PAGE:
It is somewhat extraordinary, that, after stating the principle on which my Treatise on Communion was founded, Mr. Kinghorn makes his first appeal to the Pædobaptists, and asks whether they are prepared to acknowledge that baptism and the Lord's supper have no connexion. To what purpose is a question referred to a class of persons, who as far as concerns the interior regulation of their churches, have no interest in the inquiry; on whose practice it can have no influence, and who are supposed by both the parties concerned, to be in an error respecting the institution itself, which has given occasion to the discussion. The confidence with which he anticipates their favorable suffrage, appears however to be ill founded; and if the Evangelical Magazine for 1803 is supposed to have insinuated sentiments congenial with his own, the author of the review of the present controversy in the same publication, distinctly and explicitly expressed his approbation of the treatise "On Terms of Communion." I have no doubt the result of an accurate and extensive inquiry into the prevailing sentiments of such as adhere to infant baptism would be found opposed to his doctrine; and that such of them as might object to the admission of a member avowedly unbaptized, would be actuated by the consideration of the magnitude of the error, and not by the conviction of a specific and essential connexion betwixt the two ordinances in question. In other words, they would decide on the case upon principles common to the advocates of mixed communion.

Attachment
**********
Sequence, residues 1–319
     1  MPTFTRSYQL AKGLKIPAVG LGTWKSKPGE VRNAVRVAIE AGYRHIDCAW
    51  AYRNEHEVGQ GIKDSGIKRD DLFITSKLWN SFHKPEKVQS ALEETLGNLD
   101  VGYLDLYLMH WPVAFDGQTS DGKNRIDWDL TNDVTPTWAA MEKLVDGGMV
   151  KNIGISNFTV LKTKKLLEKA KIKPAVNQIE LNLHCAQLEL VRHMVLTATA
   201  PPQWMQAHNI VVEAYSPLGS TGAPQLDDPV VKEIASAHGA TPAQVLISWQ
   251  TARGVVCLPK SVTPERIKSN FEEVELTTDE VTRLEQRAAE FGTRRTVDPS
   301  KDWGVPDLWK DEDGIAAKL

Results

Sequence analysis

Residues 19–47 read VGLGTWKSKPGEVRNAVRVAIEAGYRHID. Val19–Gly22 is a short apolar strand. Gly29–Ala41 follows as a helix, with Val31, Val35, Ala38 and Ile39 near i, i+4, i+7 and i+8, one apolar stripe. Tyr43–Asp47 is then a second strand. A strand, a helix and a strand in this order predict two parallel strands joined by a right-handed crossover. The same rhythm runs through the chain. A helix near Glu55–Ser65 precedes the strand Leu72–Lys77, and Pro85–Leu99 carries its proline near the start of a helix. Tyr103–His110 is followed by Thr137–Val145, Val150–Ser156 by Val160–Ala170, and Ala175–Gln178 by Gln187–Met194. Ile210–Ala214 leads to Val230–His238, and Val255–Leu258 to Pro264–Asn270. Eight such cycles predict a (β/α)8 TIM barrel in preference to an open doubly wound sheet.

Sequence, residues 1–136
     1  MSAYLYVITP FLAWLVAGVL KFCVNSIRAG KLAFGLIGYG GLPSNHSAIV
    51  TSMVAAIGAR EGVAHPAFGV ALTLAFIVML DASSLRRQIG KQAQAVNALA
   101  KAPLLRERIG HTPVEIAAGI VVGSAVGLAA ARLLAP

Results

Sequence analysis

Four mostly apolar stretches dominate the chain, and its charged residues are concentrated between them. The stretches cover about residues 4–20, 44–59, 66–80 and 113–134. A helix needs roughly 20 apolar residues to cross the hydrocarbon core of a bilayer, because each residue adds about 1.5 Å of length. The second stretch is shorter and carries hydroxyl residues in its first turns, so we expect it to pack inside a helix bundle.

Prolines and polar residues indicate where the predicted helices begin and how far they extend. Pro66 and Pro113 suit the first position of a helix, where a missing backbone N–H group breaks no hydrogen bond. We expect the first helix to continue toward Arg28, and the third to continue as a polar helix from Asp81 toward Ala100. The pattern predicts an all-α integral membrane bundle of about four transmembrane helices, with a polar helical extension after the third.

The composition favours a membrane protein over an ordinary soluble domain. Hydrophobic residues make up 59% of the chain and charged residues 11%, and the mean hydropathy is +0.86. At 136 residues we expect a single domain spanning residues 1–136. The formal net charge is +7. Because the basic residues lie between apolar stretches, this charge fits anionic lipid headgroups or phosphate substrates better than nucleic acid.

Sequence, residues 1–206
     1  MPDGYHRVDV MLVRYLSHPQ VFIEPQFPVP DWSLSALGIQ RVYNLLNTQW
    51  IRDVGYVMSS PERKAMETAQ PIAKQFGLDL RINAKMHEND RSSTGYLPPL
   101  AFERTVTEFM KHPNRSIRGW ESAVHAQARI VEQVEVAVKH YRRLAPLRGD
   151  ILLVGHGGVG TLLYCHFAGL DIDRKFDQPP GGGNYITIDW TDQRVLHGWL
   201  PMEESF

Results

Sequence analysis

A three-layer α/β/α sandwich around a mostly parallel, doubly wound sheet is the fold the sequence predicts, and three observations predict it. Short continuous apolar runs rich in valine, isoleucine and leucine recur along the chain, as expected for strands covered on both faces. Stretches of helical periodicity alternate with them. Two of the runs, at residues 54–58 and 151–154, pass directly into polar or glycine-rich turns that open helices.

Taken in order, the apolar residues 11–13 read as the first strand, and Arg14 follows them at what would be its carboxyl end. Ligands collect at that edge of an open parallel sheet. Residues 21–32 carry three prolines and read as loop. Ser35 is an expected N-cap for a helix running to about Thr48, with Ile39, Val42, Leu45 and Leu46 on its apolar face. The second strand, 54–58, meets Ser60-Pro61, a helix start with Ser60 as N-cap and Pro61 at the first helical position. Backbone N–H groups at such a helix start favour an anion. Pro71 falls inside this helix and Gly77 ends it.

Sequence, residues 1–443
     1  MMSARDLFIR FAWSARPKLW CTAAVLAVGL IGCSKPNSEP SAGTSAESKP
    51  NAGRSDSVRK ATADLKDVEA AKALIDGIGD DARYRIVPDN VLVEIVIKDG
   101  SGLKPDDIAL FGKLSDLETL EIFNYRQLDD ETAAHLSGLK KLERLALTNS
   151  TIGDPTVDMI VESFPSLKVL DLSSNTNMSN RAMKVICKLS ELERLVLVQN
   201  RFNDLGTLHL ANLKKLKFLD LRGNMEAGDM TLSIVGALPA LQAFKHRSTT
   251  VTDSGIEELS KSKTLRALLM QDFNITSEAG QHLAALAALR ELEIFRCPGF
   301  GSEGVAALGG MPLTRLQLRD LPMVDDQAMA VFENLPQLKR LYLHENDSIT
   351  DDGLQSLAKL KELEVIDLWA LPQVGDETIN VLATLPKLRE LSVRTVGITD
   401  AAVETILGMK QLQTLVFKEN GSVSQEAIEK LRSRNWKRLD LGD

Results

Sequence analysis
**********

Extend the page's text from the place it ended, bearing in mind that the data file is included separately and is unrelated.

His pretence for calling in such a host of disputants is that he may "clear the field," which in my humble opinion will be best accomplished by confining the debate within its proper limits; regarding it agreeably to its true nature, as a controversy which concerns our own denomination alone, without attempting to extort a verdict from persons who have not been placed in a situation to invite their attention to the subject. Fortunately for them, they are under no temptation to treat their fellow-Christians with indignity; whether they would have maintained the stern inflexibility which is prepared to sacrifice the communion of saints, to an unfounded hypothesis, must be left to conjecture. We indulge a hope that they would have hesitated long ere they admitted a doctrine which draws after it such consequences, that they would have judged of the tree by its fruits, and have discovered some better mode of signalizing their allegiance to Christ, than by the excision of his members. The tenet to which we are opposed, produces an effect so contrary to what the genius of the gospel teaches us to anticipate, and so repugnant to the noblest feelings of the heart, as to form a presumption against it which nothing can surmount, but the utmost force and splendor of evidence. How far it is from possessing such support, or even that preponderation in the scale of ar